Alan KRINSKY, et al., Respondents, v. Alan R. RACHLEFF, Appellant.
In an action to recover damages for medical malpractice, etc., the defendant appeals from a judgment of the Supreme Court, Nassau County (Levitt, J.), entered August 18, 1999, which, upon a jury verdict, is in favor of the plaintiff Alan Krinsky and against him in the principal sum of $656,321, and in favor of the plaintiff Abby Krinsky and against him in the principal sum of $80,000.
ORDERED that the judgment is reversed, on the law and as a matter of discretion, and the matter is remitted to the Supreme Court, Nassau County, for a new trial, with costs to abide the event.
The plaintiff Alan Krinsky underwent wrist surgery under general anesthesia administered by the defendant Dr. Alan Rachleff. A few days later, Krinsky experienced symptoms associated with pulmonary infection and pneumonia. A bronchoscopy revealed an abnormality or foreign object embedded in his lung. The object was partially removed during the bronchoscopy and what remained was removed by surgery, along with a portion of his lung. This action ensued. A jury rendered a verdict in favor of the plaintiffs.
Initially, we find that the plaintiffs established a prima facie case of medical malpractice warranting submission of the case to the jury (see, Hughes v. New York Hosp.-Cornell Med. Ctr., 195 A.D.2d 442, 600 N.Y.S.2d 145). However, we reverse on other grounds and grant a new trial.
At the trial, the plaintiffs presented testimony of two experts, a pathologist and a pulmonologist, both of whom rendered an opinion that the object removed from Alan Krinsky's lung was a piece of the endotracheal tube inserted into the plaintiff's trachea by the appellant during Krinsky's wrist surgery. The pathology expert, Dr. Lone Thanning, testified that she compared the pathology slides of the matter taken from Krinsky's lung with slides she had prepared from scrapings from an endotracheal tube, and found the “crystals” in each to be identical and “non-polarizing”.
The appellant intended to call two pathologists, one of whom was originally retained by a codefendant against whom the complaint had been dismissed just prior to trial. Upon the plaintiffs' objection, the court ruled that the defendant would have to choose between the two experts because the testimony would be cumulative. Counsel proceeded with the first expert who was already on the stand. That expert had not examined and did not testify regarding the endotracheal tube pathology slides. The defendant made an application to call Dr. Leslie Lukash to testify only that he had prepared a set of endotracheal tube pathology slides and found them to be polarizing, unlike the slides of the specimen removed from Krinsky's lung. The trial court denied the application. Under the circumstances of this case, the court should have permitted the expert to testify for this limited purpose (see, Shafran v. St. Vincent's Hosp. & Med. Ctr., 264 A.D.2d 553, 694 N.Y.S.2d 642; Abbott v. New Rochelle Hosp. Med. Ctr., 141 A.D.2d 589, 529 N.Y.S.2d 352).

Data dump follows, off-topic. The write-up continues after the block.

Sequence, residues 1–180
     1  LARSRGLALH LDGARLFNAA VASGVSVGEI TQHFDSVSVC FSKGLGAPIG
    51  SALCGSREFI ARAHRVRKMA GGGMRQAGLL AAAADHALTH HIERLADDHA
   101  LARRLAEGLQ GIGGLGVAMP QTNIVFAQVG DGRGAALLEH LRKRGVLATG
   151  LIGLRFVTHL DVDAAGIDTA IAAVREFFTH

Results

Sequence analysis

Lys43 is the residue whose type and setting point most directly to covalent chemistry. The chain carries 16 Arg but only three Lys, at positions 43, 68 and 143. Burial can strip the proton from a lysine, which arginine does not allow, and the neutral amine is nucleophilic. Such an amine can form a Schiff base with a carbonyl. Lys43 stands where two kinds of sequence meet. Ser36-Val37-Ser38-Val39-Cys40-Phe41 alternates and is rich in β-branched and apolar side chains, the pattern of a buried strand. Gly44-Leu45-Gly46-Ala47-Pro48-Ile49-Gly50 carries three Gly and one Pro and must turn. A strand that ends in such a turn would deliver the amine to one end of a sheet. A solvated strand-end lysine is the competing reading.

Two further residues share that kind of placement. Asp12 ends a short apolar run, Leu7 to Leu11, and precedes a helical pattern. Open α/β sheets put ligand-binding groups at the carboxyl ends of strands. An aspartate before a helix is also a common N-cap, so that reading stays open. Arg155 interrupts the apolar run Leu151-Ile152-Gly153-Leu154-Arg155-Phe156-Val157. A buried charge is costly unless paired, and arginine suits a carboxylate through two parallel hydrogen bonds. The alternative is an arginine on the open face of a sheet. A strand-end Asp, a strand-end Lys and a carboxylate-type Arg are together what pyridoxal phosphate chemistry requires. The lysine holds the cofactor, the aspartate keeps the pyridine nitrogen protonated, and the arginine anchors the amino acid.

The trial court also precluded the Krinsky's pulmonologist, Dr. Paul Hamlin, a defense witness, from testifying whether the abnormality or foreign matter he observed in Krinsky's lung during the bronchoscopy was a piece of the endotracheal tube. This was error. In addition to testifying to his or her own observations, a treating physician may give expert opinion testimony (see, Perrone v. Grover, 272 A.D.2d 312, 707 N.Y.S.2d 196) and may do so without prior notice pursuant to CPLR 3101(d) (see, Casey v. Tan, 255 A.D.2d 900, 680 N.Y.S.2d 391; Overeem v. Neuhoff, 254 A.D.2d 398, 679 N.Y.S.2d 74).
The defendant's contention that Dr. Thanning's testimony exceeded the scope of the plaintiffs' expert disclosure notice is academic since Dr. Lukash may testify at the new trial and can contradict Dr. Thanning's findings.
In light of our determination, we do not reach the defendant's remaining contentions.
MEMORANDUM BY THE COURT.